Posts tagged: Alpine Lakes Wilderness
PUBLIC LANDS — No campfires will be allowed at Lake Roosevelt National Recreation area except at designated grated campfire sites at least through Sunday. See the park's announcement issued Monday:
In accordance with the 2012 Superintendent’s Compendium, Acting Superintendent Natalie Gates has extended the ban for campfires on the exposed lakebed through midnight on October 7, 2012.
Campfires in park-provided fire grates at developed campgrounds are allowed. The use of gas and propane barbeques and self-contained stoves is allowed in the recreation area.
Campfires are never allowed on the beach area above the exposed lakebed.
WILDLIFE LANDS — Wild fires continue to char and in some cases nuke forests and other wildlife habitat in scattered areas around the Inland Northwest. But the future isn't all black.
Before-after-photos at Naneum Lake (above) hint at the impact of the Table Mountain Fire, which has spread over thousands of acres along with other forest fires in the Ellensburg-Leavenworth-Wenatchee area. The fires were ignited by lightning storms around Sept. 9, 2012.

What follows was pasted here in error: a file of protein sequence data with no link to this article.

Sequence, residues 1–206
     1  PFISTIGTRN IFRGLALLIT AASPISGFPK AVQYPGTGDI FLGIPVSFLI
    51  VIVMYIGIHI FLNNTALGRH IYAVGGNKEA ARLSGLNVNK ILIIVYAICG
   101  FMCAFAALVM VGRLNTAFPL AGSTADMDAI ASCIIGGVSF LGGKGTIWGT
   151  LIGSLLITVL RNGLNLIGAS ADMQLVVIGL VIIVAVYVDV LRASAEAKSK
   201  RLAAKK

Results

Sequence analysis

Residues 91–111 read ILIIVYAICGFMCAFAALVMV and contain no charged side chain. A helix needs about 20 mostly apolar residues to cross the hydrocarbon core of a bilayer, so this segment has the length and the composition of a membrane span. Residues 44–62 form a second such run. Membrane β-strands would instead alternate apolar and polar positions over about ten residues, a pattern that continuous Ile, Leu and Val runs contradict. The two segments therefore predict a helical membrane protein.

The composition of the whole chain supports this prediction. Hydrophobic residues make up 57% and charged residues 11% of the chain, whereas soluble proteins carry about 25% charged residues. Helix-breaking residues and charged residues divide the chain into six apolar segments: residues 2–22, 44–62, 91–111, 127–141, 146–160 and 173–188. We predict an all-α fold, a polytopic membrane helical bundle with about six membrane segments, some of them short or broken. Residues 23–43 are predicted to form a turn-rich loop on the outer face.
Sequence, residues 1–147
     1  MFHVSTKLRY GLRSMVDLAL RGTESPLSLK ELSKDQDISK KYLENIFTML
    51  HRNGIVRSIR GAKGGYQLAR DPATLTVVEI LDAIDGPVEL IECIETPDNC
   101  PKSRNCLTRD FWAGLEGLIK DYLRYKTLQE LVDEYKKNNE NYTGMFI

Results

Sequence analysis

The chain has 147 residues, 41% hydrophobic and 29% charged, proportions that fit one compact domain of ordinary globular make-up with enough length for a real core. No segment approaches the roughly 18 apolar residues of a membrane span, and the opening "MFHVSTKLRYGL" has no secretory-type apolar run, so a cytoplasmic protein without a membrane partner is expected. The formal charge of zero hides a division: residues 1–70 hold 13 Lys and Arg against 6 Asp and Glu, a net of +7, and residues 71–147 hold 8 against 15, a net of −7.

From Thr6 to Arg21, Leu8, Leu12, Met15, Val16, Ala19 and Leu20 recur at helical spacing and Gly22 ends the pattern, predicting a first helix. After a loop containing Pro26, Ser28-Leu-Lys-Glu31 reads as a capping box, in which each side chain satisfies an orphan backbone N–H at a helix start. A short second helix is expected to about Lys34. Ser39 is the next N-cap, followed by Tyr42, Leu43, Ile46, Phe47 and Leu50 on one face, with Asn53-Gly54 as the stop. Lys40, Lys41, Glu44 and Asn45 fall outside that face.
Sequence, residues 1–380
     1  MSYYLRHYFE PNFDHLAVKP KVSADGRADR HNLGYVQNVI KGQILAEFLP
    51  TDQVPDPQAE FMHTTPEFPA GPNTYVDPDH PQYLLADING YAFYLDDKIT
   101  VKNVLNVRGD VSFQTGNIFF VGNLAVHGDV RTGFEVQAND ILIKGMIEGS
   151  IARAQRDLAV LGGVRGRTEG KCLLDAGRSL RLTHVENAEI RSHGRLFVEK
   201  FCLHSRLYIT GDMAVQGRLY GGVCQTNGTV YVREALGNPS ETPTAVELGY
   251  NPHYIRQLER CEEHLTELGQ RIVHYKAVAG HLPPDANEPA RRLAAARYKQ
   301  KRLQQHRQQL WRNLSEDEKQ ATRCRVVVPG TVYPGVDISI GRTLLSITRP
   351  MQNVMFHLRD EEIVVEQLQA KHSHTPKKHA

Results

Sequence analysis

Some areas have been reopened to public access, but hunters need to check ahead with the Forest Service, DNR and Washington Fish and Wildlife Department for closures to distinct areas in the Wenatchee region.
This photo comparison doesn't look good, but Washington Fish and Wildlife experts say the damage/benefits to the Colockum elk herd won't be known until next spring when they can assess the ratio of hot-burned areas with the areas that were lightly burned or skipped-over by the flames.
The fires ultimately will be good for wildlife.
The question is whether the recovery will be measured in years or decades.
HUNTING — It's not news that the fields are dry and fire danger is extreme.
But don't let your guard down when you go out hunting or recreating. One thoughtless moment in these conditions can be costly.
Hunters, who have an especially big responsibility to be fire conscious, should: